Most, if not all, businesses have completely converted to a wireless solution for their employees and guests. But with wireless connectivity, there are both advantages and disadvantages. One element of designing a wireless network is determining the number of concurrent users that can be connected to a single access point (AP) at any given time. This number will typically depend on the type of work that the users are conducting on the network. For example, if users are performing basic tasks like checking emails, they won’t need as much bandwidth which would allow for more users on a single AP. However, it is hard to determine which users will be on which APs and what they will be doing. Therefore, there is a specific number that is suggested in order to prevent potential network issues.
The demand for wireless connectivity is ever increasing as wireless technology has become a staple in almost every device used in frequently trafficked buildings, from single-family homes to commercial airports. The number of devices connected to WiFi increases exponentially depending on the intended purpose of the wireless deployment.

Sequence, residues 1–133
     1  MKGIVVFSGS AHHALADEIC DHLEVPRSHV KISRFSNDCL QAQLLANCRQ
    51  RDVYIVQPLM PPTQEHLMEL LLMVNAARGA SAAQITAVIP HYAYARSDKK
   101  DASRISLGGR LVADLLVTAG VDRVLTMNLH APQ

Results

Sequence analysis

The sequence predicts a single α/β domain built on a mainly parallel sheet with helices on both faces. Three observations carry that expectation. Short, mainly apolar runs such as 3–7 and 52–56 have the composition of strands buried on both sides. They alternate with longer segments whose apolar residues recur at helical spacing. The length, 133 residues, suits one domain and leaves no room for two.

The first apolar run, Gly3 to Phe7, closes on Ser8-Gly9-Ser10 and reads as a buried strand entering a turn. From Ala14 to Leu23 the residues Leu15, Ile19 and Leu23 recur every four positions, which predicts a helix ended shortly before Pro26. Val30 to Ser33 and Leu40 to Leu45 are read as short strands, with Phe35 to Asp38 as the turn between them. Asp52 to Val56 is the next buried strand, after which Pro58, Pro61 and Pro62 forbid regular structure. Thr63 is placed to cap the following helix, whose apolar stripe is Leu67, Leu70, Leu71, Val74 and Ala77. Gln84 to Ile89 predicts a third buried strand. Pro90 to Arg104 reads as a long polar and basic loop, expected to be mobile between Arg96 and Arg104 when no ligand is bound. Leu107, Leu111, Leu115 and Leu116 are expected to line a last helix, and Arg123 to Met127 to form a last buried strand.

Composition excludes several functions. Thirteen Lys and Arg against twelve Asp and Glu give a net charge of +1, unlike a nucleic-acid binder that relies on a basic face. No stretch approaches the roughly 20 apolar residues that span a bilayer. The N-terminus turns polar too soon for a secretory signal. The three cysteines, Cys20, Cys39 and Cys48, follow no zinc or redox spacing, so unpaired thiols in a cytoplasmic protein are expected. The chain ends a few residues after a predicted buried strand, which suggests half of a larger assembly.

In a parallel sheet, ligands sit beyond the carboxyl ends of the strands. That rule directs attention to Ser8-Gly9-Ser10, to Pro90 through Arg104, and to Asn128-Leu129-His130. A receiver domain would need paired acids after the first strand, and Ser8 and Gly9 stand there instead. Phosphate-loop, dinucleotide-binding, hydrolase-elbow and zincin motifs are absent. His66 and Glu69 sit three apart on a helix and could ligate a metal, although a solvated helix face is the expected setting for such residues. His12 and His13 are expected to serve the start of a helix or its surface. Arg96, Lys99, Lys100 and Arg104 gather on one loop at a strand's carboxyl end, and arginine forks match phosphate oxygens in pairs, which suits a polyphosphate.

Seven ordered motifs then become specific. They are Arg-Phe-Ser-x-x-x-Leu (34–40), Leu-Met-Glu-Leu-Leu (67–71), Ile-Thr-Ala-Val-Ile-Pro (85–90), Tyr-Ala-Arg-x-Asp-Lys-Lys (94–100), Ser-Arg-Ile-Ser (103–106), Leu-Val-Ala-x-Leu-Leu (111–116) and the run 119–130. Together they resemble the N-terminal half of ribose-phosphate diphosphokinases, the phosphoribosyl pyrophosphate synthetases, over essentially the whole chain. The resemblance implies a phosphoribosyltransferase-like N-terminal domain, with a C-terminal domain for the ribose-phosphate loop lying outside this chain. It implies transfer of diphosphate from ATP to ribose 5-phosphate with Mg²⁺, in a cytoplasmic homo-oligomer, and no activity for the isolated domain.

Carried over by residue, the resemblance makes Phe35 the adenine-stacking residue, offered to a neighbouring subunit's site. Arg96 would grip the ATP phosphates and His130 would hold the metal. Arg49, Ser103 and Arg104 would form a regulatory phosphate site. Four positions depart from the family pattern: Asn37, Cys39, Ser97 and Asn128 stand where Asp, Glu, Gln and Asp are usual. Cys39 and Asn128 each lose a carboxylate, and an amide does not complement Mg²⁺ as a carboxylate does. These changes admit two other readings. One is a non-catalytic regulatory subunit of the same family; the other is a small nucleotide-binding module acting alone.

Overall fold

WiFiPerf Professional is a bandwidth performance measurement app for Mac OS that operates as a testing client when connected to different testing servers. The app is used to test Mac OS, iOS, Windows, and Android that run either iPerf2/iPerf3 (server mode) or WiFiPerf EndPoint.
While there are many things that can affect wireless local area network (WLAN) operation, the placement of wireless access points (AP) can be one of the most significant factors in performance. Good AP placement must provide not only adequate coverage for all clients on a network, but must also provide adequate throughput, good connectivity, and minimal interference.
With the increase in low power devices, such as tablets and cell phones, and the increasing need for roaming service over nomadic use, efficient placement is critical to an operating wireless network. Poor placement of access points can result in numerous issues including low data rates, signal bleeding, bad roaming coverage, and even overspending on additional APs.
Rogue Access Points (APs) can be set up innocently or with malicious intent. They can cause interference with your WiFi network, present vulnerabilities to security, and have devices on your network connect to it instead. Whether it's a part of WiFi Health Checks or security analysis and monitoring, it's always a good idea to know how to physically locate these rogue Access Points.